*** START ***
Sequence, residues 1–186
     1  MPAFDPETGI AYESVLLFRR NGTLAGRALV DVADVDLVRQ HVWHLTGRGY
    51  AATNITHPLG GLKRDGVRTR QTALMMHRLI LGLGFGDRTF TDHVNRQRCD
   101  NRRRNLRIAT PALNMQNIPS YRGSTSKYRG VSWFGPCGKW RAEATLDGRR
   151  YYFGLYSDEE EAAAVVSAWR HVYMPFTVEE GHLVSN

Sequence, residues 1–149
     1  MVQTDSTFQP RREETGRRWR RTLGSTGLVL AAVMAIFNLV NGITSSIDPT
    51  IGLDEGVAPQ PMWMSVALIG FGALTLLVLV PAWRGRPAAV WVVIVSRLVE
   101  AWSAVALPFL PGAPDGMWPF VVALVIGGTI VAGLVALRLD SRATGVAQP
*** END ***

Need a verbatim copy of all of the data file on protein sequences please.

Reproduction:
Sequence, residues 1–186
     1  MPAFDPETGI AYESVLLFRR NGTLAGRALV DVADVDLVRQ HVWHLTGRGY
    51  AATNITHPLG GLKRDGVRTR QTALMMHRLI LGLGFGDRTF TDHVNRQRCD
   101  NRRRNLRIAT PALNMQNIPS YRGSTSKYRG VSWFGPCGKW RAEATLDGRR
   151  YYFGLYSDEE EAAAVVSAWR HVYMPFTVEE GHLVSN

Sequence, residues 1–149
     1  MVQTDSTFQP RREETGRRWR RTLGSTGLVL AAVMAIFNLV NGITSSIDPT
    51  IGLDEGVAPQ PMWMSVALIG FGALTLLVLV PAWRGRPAAV WVVIVSRLVE
   101  AWSAVALPFL PGAPDGMWPF VVALVIGGTI VAGLVALRLD SRATGVAQP